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Recently, a co-worker (We'll call him Cal) was fired from our company. However, Cal had taken a sick day that day, so he wasn't on site. So there's the manager (we'll call him Mark), standing around with two security guards to escort him out...

Mark immediately told our team to not have any contact at all with Cal, under any circumstances. Not to tell Cal that Mark had come by, not to mention the firing or the guards. Nothing. Later, Mark relayed word to Cal that Cal was not to arrive to work until further notice; that Human Resources would "provide correspondence."

However, Cal still isn't aware that he's fired. Like the next day, he again called in sick.

So two questions.

  1. is Mark within his rights as a manager to tell us we aren't allowed to contact Cal in any way? (When asked, Mark said personal and professional contact was not allowed)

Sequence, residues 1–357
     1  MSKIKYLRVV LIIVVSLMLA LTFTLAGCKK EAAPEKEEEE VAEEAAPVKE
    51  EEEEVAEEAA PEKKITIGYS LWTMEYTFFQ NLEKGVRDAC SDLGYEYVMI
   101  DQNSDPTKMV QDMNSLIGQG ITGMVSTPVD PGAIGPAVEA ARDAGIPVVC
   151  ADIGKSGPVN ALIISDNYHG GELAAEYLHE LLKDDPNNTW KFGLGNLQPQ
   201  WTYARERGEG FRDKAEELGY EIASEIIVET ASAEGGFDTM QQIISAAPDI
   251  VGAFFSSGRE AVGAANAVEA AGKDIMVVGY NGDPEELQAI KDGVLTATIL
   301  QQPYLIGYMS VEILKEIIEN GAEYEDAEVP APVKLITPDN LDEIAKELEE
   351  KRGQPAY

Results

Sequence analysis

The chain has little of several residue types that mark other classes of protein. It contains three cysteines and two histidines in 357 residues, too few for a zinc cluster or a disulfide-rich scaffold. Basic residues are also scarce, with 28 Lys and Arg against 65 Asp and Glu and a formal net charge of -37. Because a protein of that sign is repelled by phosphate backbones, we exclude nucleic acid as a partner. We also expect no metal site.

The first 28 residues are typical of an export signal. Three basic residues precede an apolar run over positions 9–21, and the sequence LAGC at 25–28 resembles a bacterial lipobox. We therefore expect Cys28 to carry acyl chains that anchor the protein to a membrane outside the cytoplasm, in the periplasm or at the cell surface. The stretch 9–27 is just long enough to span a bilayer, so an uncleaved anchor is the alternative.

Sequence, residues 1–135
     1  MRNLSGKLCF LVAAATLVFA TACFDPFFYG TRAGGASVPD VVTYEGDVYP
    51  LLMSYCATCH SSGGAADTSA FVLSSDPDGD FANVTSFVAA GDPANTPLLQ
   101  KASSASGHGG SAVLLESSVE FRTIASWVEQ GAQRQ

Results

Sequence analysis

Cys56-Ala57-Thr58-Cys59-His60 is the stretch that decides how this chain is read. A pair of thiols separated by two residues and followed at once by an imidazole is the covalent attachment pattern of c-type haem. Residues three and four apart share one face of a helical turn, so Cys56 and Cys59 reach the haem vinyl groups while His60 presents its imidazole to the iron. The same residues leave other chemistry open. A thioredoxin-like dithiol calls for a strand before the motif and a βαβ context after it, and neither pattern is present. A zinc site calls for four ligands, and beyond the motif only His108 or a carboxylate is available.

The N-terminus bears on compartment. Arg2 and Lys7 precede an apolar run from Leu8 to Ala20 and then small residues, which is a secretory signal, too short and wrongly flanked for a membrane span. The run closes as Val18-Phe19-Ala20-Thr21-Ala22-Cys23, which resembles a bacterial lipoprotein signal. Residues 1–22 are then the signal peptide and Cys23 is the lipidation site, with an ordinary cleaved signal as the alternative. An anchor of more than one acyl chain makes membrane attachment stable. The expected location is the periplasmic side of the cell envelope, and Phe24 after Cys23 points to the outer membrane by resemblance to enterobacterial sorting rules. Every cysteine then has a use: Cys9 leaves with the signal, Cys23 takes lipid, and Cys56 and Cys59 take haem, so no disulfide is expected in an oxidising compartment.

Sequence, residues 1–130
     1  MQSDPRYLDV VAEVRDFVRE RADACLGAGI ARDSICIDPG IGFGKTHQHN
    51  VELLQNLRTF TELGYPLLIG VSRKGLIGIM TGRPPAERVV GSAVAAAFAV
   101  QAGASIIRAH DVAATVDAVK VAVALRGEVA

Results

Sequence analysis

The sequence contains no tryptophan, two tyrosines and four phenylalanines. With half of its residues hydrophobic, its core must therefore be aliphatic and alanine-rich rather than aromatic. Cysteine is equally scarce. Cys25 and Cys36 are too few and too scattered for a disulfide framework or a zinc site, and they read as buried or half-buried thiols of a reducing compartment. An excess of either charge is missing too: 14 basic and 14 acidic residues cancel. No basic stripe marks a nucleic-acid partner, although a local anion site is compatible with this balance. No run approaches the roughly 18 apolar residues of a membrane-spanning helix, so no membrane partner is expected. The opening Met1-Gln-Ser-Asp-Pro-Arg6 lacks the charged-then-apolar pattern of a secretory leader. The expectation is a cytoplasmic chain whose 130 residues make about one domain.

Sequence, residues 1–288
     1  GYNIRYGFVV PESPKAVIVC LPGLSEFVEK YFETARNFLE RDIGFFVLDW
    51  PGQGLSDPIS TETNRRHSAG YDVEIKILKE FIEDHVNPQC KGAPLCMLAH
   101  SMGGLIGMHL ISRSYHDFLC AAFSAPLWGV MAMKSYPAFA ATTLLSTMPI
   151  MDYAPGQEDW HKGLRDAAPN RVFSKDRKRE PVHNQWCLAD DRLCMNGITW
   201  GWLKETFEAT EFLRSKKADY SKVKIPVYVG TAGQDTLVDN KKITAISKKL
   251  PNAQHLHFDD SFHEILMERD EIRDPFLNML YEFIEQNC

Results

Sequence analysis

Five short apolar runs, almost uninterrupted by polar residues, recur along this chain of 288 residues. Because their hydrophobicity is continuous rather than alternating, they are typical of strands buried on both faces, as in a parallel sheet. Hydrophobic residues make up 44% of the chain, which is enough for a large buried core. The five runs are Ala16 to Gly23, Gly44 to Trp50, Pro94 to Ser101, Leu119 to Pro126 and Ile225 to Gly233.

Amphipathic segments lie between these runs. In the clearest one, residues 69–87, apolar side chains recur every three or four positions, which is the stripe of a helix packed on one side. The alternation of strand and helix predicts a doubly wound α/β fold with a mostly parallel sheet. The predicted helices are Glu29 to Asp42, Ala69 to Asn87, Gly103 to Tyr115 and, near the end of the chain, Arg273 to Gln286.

2. Cal has certain things we need to know -- passwords to systems, and so on -- but we aren't allowed to ask for those. How can we effectively get that information from him?
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    "Is Mark within his rights" seems like a legal question and is thus beyond the scope of this site. "How can we effectively get that information" is something your manager really should be telling you (because that directly conflicts with his earlier request, so only he would know how he wants you to handle it) (but Cal is the only one who can access those systems or reset the passwords, you have an obvious security flaw there). – Dukeling Aug 3 '17 at 15:02
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    @ChristopherEstep I guess it is for the same reason that movies carry the "all characters fictional disclaimer". The issue is not that the movie audience doesn't realize that the story is fictional, but that someone who merely thinks it is not fictional may drag you to court over it. Of late, the threshold for what offends people is steadily going down, better to be safe than sorry. ;-) – Masked Man Aug 3 '17 at 15:32